By Fisher's fundamental theorem, selection depletes additive genetic variation. However, moderate heritabilities are invariably obtained for psychological traits, even those that have been under intense selection. Examples include sociosexuality (interest in emotionally uncommitted sex), schizophrenia and sexual orientation, which have all been subject to strong sexual selection. A number of factors can help maintain (or at least slow depletion of) genetic variation. These include antagonistic pleiotropy; geographic or temporal variability in optimal phenotypes (and hence genotypes); mutational pressure (especially in the context of parasite resistance dynamics); and existence of heritable strategic variation or morphs. I discuss the likelihood that these factors maintain heritable variation for intelligence. I then review some evolutionary hypotheses regarding variation in some specific psychological traits.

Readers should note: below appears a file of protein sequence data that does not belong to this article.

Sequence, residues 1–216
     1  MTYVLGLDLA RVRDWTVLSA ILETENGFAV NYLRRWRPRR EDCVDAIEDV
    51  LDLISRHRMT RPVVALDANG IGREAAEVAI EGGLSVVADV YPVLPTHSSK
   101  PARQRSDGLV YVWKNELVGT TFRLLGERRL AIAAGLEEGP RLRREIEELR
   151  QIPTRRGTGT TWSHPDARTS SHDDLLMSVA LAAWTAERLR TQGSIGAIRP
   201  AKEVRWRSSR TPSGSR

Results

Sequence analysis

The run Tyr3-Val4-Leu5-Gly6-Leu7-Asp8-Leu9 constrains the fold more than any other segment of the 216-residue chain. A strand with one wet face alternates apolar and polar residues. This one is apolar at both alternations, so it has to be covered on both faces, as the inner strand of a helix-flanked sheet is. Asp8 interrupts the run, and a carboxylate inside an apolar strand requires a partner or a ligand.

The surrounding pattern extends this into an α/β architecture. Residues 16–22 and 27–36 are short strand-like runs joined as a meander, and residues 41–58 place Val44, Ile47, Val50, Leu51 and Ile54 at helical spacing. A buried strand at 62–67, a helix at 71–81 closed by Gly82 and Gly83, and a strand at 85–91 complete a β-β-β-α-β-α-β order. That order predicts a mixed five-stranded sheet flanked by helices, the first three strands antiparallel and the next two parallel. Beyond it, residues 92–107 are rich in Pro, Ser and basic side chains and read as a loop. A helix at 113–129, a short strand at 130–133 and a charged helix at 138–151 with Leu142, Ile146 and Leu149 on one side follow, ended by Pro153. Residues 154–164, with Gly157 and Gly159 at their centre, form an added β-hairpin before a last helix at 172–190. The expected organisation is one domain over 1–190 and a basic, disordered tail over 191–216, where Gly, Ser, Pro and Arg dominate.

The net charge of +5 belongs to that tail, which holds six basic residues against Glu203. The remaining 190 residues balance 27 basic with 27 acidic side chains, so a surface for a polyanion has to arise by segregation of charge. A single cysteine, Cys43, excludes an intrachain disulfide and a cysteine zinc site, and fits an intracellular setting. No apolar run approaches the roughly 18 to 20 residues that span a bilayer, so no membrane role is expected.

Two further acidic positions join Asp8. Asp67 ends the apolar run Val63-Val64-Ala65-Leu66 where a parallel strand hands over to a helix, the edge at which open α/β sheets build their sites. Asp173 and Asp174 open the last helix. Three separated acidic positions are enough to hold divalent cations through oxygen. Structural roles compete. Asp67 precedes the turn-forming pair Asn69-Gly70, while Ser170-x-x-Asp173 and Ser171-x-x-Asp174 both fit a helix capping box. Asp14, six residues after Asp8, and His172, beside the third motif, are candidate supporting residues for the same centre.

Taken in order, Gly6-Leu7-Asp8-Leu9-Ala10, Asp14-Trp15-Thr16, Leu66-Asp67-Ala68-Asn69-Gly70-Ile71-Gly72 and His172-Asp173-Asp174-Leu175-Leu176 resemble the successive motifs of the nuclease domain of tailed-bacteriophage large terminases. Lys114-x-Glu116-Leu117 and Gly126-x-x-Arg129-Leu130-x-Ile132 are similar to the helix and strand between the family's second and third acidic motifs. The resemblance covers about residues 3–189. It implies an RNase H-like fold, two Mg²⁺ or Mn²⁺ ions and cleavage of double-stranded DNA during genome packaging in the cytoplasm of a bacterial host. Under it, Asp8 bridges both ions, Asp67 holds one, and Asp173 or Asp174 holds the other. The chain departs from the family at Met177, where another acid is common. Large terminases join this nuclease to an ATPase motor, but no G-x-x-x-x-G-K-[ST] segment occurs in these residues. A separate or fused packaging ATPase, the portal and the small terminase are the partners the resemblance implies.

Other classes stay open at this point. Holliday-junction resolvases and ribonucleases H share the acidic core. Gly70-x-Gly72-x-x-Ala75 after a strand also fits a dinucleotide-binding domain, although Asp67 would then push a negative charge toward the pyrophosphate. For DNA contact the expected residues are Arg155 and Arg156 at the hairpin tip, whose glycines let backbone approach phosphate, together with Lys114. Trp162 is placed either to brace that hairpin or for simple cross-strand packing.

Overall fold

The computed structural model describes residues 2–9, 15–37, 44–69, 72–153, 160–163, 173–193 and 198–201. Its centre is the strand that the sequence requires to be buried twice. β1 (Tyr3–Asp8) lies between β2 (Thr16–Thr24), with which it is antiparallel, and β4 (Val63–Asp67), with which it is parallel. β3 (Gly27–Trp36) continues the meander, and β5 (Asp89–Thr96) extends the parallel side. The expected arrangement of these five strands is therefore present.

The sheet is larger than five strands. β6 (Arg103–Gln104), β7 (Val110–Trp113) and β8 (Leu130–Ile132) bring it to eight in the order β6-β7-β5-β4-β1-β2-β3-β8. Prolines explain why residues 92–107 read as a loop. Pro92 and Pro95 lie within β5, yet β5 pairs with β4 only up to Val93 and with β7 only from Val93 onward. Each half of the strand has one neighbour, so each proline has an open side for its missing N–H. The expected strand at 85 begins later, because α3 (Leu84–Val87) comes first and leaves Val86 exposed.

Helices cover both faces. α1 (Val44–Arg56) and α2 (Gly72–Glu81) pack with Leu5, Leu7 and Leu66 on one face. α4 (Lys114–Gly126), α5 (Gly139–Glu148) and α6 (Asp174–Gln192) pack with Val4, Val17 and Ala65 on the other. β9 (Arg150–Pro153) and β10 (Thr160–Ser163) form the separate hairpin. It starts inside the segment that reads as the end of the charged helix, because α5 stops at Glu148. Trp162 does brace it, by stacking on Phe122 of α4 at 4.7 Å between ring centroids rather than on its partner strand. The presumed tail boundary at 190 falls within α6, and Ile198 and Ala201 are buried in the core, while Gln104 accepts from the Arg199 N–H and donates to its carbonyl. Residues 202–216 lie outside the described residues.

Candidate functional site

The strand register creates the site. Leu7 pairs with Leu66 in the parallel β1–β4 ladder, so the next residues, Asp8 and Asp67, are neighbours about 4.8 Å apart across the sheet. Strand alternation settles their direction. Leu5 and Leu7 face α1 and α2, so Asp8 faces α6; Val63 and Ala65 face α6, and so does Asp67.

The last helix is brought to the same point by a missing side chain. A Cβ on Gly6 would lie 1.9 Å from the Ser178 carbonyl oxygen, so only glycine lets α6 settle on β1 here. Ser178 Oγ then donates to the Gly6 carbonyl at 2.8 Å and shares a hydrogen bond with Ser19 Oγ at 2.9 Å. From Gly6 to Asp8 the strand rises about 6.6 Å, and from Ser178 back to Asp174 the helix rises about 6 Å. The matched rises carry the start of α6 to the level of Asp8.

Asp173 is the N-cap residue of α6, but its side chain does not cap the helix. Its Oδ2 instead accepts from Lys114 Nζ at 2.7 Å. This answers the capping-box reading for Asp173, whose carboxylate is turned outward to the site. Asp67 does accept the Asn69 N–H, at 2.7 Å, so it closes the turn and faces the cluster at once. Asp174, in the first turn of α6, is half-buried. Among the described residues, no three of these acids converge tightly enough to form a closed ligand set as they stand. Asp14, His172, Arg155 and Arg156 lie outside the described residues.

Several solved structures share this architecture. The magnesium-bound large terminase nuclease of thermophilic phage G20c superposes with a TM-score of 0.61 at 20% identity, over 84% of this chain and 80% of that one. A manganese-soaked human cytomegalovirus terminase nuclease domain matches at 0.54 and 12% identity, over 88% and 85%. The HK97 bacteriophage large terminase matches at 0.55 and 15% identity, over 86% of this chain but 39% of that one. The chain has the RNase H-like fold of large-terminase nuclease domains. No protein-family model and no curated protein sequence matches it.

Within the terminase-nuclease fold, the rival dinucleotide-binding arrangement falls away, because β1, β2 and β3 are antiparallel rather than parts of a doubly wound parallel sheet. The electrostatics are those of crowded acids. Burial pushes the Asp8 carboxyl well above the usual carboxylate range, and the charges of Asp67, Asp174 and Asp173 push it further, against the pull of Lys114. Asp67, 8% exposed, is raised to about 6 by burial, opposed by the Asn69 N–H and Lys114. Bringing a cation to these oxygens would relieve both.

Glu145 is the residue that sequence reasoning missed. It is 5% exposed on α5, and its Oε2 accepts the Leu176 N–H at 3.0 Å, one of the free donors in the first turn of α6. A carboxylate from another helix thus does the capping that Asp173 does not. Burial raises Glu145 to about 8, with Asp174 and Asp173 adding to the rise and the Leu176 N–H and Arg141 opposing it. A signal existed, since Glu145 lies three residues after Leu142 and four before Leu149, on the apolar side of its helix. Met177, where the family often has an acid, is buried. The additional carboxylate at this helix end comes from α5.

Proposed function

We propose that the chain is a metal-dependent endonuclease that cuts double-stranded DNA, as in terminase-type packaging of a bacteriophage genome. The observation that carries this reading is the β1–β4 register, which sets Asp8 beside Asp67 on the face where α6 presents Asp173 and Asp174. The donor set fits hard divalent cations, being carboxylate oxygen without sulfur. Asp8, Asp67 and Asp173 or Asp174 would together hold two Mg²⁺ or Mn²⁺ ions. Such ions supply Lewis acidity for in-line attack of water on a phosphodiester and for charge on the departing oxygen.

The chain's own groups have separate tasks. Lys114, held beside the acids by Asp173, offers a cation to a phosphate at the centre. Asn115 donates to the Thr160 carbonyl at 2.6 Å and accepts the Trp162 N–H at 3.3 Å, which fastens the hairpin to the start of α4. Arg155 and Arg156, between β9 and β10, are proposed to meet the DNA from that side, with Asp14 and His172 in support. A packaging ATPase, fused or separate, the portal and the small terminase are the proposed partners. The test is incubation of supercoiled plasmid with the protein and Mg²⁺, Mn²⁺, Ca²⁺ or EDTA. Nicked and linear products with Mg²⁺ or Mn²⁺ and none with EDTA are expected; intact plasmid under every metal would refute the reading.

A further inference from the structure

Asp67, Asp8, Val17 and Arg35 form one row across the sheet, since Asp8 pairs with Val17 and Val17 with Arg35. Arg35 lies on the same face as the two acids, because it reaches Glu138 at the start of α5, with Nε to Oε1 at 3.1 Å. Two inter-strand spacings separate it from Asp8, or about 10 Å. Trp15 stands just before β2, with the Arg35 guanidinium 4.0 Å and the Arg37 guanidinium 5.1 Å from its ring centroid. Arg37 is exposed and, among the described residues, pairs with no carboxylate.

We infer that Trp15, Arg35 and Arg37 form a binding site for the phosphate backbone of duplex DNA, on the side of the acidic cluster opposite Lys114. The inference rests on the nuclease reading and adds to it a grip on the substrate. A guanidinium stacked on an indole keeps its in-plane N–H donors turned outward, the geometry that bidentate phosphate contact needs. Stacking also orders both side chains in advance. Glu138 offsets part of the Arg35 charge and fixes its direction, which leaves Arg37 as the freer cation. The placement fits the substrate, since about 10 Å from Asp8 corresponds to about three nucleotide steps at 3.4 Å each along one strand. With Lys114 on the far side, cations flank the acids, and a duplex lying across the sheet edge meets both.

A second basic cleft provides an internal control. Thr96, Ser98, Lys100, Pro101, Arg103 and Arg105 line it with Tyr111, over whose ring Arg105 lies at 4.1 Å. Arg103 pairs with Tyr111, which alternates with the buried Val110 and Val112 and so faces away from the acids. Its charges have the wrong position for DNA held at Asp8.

|Original language||English (US)|
|Number of pages||10|
|Journal||Novartis Foundation Symposium|
|State||Published - Dec 1 2000|
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